Mixed cryoglobulinemia syndrome (MCs) is a systemic vasculitis, involving skin, joints, peripheral nerves, and several internal organs. Hepatitis C virus (HCV) is recognized as the etiologic agent for the majority of MCs patients, as well as of number of autoimmune, lymphoproliferative, and neoplastic disorders. In this context, HCV-related MCs represents an important model autoimmune/neoplastic disease triggered by a virus in humans. With regard the therapeutic strategies of MCs, we can treat these patients at different steps by means of etiological (antivirals), pathogenetic, symptomatic drugs (mainly immunosuppressors, corticosteroids, plasmapheresis). In the majority of individuals, MCs shows a mild, slow-progressive clinical course needing only symptomatic treatments, generally low doses of corticosteroids. Considering the etiopathogenesis of MCs, the eradication of HCV should be considered the gold standard in the treatment of MCs. The use of combined peg-interferon-α/ribavirin and/or novel antiviral drugs may lead to HCV eradication in a significant percentage of cases with possible remission of MCs. On the other hand, the presence of rapidly progressive, diffuse vasculitis with multiple organ involvement may be successfully treated with aggressive immunosuppressive and anti-inflammatory therapies, mainly based on cyclophosphamide or rituximab, high dose corticosteroids, and plasma aphaeresis. Moreover, sequential/combined antiviral or immunosuppressive treatments could represent an useful therapeutic strategy particularly in MCs patients with major clinical manifestations. The treatment of MCs should be decided for every patient according to the severity of clinical picture. Thus, a careful follow-up of the disease is necessary, with particular attention to the possibility of cancers onset, such as B-cell lymphoma. The present review focuses on the different therapeutic strategies in patients with MCs, including the treatment of cryoglobulinemic skin ulcers, which represents one of the most discouraging complications of the disease.

Treatment of HCV-related mixed cryoglobulinemia / Giuggioli, Dilia; Sebastiani, Marco; Colaci, Michele; Fallahi, Poupak; Gragnani, Laura; Zignego, Anna Linda; Antonelli, Alessandro; Ferri, Clodoveo. - In: CURRENT DRUG TARGETS. - ISSN 1873-5592. - STAMPA. - 18(2017), pp. 794-802. [10.2174/1389450116666150825112105]

Treatment of HCV-related mixed cryoglobulinemia

ZIGNEGO, ANNA LINDA;
2017

Abstract

Mixed cryoglobulinemia syndrome (MCs) is a systemic vasculitis, involving skin, joints, peripheral nerves, and several internal organs. Hepatitis C virus (HCV) is recognized as the etiologic agent for the majority of MCs patients, as well as of number of autoimmune, lymphoproliferative, and neoplastic disorders. In this context, HCV-related MCs represents an important model autoimmune/neoplastic disease triggered by a virus in humans. With regard the therapeutic strategies of MCs, we can treat these patients at different steps by means of etiological (antivirals), pathogenetic, symptomatic drugs (mainly immunosuppressors, corticosteroids, plasmapheresis). In the majority of individuals, MCs shows a mild, slow-progressive clinical course needing only symptomatic treatments, generally low doses of corticosteroids. Considering the etiopathogenesis of MCs, the eradication of HCV should be considered the gold standard in the treatment of MCs. The use of combined peg-interferon-α/ribavirin and/or novel antiviral drugs may lead to HCV eradication in a significant percentage of cases with possible remission of MCs. On the other hand, the presence of rapidly progressive, diffuse vasculitis with multiple organ involvement may be successfully treated with aggressive immunosuppressive and anti-inflammatory therapies, mainly based on cyclophosphamide or rituximab, high dose corticosteroids, and plasma aphaeresis. Moreover, sequential/combined antiviral or immunosuppressive treatments could represent an useful therapeutic strategy particularly in MCs patients with major clinical manifestations. The treatment of MCs should be decided for every patient according to the severity of clinical picture. Thus, a careful follow-up of the disease is necessary, with particular attention to the possibility of cancers onset, such as B-cell lymphoma. The present review focuses on the different therapeutic strategies in patients with MCs, including the treatment of cryoglobulinemic skin ulcers, which represents one of the most discouraging complications of the disease.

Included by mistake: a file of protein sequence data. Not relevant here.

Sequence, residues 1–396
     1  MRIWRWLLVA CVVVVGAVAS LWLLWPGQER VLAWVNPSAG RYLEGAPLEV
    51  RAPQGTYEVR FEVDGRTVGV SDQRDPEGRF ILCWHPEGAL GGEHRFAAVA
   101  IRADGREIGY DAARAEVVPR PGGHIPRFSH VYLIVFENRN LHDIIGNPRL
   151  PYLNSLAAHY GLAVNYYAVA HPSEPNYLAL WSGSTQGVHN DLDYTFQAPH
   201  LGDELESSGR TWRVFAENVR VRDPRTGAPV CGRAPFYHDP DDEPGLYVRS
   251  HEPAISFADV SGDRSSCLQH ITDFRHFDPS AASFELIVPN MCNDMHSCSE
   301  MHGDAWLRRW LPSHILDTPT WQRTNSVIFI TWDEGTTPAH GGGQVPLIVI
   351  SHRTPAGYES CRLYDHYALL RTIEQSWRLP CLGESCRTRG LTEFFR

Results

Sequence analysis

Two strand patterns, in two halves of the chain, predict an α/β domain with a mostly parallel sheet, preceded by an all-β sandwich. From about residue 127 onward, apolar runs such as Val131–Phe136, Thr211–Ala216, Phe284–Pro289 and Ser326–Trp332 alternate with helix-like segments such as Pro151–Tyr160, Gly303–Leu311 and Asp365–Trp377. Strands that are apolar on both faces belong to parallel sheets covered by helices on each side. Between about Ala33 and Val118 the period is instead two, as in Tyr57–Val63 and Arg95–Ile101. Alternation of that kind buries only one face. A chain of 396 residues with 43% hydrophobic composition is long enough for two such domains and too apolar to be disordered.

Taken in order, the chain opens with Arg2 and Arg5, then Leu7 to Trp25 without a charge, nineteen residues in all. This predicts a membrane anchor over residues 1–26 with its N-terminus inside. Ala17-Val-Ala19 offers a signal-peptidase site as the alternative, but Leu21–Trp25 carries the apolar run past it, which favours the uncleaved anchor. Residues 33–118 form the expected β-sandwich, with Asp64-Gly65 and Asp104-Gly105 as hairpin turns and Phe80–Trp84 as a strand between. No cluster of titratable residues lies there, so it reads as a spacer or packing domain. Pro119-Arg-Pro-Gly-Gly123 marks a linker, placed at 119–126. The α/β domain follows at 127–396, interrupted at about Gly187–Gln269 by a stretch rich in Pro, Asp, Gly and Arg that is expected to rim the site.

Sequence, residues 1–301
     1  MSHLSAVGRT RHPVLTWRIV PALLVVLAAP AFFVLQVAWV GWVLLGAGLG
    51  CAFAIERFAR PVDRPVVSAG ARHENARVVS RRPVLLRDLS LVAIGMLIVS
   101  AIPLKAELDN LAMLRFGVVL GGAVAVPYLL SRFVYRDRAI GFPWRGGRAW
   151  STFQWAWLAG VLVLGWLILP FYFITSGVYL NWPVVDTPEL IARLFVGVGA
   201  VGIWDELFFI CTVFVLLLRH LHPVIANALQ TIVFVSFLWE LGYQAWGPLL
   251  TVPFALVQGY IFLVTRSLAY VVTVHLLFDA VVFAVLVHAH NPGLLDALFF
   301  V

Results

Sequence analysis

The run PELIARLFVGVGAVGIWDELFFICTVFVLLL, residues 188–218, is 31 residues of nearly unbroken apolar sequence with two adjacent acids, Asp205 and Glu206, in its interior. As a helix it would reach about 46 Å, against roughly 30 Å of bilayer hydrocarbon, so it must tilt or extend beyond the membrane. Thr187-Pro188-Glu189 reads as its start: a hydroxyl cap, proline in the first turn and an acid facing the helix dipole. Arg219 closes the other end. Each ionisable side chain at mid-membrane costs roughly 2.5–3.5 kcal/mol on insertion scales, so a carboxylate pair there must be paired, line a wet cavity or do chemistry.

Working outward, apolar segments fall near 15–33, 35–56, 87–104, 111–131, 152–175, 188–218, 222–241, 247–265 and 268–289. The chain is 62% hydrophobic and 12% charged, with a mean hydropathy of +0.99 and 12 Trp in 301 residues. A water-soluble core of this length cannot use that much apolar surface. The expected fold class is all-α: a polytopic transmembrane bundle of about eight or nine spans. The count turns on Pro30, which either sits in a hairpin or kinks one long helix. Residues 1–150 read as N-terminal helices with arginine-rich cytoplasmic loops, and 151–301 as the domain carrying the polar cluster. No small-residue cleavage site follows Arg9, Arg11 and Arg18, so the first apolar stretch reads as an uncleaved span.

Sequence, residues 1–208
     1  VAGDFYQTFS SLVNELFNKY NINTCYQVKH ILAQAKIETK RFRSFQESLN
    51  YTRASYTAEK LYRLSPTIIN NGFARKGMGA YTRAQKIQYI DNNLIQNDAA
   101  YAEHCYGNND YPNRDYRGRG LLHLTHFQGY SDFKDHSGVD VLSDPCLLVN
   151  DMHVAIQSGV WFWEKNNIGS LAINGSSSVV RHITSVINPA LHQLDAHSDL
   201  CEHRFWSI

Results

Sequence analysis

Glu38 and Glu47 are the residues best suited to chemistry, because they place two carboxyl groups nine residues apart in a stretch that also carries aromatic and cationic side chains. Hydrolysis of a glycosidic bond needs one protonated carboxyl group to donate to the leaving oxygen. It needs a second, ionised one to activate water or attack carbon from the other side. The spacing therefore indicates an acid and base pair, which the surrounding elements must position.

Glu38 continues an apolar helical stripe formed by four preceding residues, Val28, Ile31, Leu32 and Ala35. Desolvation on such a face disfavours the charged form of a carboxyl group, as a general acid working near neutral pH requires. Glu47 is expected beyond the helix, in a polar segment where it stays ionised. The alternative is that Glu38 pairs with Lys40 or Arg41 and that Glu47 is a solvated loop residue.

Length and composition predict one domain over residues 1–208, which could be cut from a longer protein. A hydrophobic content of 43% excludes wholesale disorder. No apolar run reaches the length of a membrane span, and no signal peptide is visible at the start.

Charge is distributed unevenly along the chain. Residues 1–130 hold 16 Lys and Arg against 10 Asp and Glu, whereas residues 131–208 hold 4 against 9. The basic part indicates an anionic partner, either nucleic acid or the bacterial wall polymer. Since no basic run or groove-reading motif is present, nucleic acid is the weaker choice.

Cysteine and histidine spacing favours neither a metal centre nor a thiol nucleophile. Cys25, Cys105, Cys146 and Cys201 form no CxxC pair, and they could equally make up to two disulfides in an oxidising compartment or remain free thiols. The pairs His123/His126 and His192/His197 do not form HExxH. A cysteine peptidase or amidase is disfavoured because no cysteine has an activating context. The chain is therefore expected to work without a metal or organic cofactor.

18
794
802
Goal 3: Good health and well-being
Giuggioli, Dilia; Sebastiani, Marco; Colaci, Michele; Fallahi, Poupak; Gragnani, Laura; Zignego, Anna Linda; Antonelli, Alessandro; Ferri, Clodoveo
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Utilizza questo identificativo per citare o creare un link a questo documento: https://hdl.handle.net/2158/1084544
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